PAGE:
The Founding Partners have joined forces with Birmingham women’s community project Anawim to help re-unite mothers leaving prison with their children. Here we examine the progress so far.
For mothers with families in Birmingham, being in prison has additional hardships. Because there are no local women’s prisons, mothers and their children are often separated by long distances, accentuating the psychological effects of isolation on both.
“There is often a considerable travelling distance and expenses involved for families visiting these women,” says Joy Doal, manager of Anawim, the project partner working with Commonweal to roll out Re-Unite across Birmingham. “This contributes to mental health, anti-social behaviour and education issues for the children, many of whom are being cared for by their grandparents.”
Anawim, approached Commonweal after reading about the success of the South London pilot. “Re-Unite sounded like a great project that involved work we’re doing already in terms of offering support for women, and it has helped get us recognition and valuable support,” says Doal.
In addition to receiving funding of £20,000 from Commonweal to help with set-up costs, becoming a project partner also enabled Anawim to enter a further partnership with Midland Heart, one of the city’s largest social housing providers. Under the arrangement, Anawim has secured 10 homes for mothers leaving prison.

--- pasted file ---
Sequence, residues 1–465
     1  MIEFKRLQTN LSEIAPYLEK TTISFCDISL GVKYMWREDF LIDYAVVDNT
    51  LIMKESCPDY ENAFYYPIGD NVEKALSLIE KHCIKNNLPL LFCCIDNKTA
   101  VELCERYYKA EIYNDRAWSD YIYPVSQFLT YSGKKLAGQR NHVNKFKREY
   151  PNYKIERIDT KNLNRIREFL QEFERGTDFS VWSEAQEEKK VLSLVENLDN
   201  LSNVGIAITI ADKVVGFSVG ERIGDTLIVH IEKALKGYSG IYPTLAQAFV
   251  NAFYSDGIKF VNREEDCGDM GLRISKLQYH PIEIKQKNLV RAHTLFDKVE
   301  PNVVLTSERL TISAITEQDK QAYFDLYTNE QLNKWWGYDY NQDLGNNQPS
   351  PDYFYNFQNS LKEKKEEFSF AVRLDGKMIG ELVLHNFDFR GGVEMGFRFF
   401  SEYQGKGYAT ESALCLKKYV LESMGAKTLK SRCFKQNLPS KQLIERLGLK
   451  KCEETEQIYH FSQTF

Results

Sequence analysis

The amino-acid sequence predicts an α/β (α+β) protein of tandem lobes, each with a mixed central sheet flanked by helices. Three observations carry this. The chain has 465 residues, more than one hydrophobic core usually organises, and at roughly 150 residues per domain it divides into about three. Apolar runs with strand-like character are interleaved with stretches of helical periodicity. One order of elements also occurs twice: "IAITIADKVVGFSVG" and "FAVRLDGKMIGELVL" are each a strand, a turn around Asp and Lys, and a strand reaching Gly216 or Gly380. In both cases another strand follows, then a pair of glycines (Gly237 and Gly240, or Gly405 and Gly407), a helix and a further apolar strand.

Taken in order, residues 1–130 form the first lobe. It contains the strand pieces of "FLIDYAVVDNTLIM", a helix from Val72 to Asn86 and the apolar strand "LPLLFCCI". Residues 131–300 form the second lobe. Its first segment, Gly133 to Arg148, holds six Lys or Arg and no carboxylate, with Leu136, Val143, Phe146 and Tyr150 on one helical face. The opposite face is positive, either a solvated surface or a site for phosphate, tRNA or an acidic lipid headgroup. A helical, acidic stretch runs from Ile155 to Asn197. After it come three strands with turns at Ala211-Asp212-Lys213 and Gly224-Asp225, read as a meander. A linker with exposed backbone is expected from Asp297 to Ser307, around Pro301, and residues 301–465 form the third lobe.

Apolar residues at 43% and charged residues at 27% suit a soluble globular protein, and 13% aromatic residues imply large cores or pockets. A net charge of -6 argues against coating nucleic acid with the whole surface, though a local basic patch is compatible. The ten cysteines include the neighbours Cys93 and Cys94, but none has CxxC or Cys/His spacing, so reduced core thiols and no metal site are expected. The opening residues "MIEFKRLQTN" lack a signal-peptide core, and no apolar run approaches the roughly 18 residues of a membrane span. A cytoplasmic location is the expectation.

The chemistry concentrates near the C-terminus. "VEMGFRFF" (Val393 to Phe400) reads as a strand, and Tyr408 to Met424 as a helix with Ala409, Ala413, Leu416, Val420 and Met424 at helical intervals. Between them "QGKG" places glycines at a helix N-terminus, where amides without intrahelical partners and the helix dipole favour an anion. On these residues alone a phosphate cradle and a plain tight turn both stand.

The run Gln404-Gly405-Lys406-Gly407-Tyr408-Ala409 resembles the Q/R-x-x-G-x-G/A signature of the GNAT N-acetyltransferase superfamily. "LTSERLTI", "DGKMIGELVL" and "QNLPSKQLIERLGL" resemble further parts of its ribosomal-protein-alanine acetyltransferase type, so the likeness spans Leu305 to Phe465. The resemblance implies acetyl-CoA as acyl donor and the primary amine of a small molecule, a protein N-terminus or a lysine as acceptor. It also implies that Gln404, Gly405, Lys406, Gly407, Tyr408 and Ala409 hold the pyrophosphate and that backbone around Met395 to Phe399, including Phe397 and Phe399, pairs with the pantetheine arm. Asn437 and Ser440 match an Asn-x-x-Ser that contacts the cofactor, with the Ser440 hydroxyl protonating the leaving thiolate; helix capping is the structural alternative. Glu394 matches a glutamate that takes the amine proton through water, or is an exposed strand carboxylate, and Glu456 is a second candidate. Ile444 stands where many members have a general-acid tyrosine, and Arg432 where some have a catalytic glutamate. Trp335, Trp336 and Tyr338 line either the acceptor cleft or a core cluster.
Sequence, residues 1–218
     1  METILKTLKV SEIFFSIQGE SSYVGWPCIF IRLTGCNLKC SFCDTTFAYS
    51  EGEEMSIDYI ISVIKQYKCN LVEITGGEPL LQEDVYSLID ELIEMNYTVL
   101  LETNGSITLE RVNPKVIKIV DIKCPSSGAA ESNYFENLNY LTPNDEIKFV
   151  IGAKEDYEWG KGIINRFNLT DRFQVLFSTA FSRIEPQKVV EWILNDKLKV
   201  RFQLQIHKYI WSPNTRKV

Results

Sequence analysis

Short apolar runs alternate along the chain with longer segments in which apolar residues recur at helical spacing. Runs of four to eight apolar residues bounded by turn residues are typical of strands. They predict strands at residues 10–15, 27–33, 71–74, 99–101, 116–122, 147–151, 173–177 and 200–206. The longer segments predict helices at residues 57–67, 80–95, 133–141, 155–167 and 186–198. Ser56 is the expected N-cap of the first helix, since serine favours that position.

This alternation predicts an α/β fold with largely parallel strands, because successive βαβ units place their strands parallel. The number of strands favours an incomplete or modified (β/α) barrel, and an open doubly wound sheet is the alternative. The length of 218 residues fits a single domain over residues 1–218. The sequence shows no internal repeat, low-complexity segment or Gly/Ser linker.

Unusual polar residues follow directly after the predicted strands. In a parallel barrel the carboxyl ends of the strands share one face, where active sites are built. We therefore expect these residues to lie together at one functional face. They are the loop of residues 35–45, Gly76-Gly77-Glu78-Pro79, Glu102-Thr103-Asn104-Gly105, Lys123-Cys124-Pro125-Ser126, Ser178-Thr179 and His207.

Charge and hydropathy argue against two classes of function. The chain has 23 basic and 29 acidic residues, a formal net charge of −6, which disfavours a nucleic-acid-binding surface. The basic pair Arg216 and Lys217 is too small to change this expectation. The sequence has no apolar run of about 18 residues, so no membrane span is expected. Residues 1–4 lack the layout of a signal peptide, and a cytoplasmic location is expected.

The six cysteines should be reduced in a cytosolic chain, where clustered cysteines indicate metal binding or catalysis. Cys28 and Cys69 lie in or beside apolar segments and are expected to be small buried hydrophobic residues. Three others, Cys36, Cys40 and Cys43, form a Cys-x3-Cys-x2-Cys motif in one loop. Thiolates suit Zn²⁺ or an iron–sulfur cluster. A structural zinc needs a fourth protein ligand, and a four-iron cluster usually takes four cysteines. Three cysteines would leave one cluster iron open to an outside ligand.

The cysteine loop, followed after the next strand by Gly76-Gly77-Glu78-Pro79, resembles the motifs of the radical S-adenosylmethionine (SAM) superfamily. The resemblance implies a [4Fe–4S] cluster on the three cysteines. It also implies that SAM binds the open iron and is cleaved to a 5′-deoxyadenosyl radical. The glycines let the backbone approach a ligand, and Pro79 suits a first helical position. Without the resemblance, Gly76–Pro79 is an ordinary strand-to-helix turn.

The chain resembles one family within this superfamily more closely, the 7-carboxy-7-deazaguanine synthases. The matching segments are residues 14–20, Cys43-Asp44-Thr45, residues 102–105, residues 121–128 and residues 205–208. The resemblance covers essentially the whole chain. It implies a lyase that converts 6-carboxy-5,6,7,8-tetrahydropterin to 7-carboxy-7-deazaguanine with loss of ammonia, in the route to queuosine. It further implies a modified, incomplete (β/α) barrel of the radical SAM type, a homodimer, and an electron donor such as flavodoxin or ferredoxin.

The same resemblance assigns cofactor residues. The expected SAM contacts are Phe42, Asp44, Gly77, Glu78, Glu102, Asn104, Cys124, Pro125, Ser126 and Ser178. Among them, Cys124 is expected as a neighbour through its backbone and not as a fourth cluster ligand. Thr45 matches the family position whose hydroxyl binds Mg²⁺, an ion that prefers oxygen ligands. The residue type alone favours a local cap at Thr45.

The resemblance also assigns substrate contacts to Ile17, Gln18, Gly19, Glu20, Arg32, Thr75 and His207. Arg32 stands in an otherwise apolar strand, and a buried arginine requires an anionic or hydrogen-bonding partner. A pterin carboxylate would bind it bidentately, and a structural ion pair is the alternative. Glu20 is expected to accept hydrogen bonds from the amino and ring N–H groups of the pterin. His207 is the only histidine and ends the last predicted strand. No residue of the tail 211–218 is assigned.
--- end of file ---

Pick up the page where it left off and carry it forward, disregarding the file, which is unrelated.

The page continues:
Anawim is supporting women from three prisons – Eastwood Park, Drake Hall, Peterborough, and is looking to support women from Foston Hall. Joy explains: “The model will help us to fill a gap in the provision of housing and support to families who have formerly not received tailored and specialist support.”
Joy believes Re-Unite will have a considerable local impact. “Providing housing and rehabilitation support for these service users and their children is particularly vital if we are to overcome the deleterious effect that imprisonment has on the mothers and their children,” she says.
Three women and their children are presently lined up for support when they leave prison and Anawim has trained a family support worker who has already started prison visits with these women.
“We’ve started working with one mother and are looking at how to re-establish trust. Her two-year old son has been living with his grandmother during this time,” she says. “The mother has finished a 12-month sentence and, as she goes through rehabilitation, we are beginning supervised crèche visits. Once trust is re-established within the family, we will then organise overnight visits – but it all takes time.”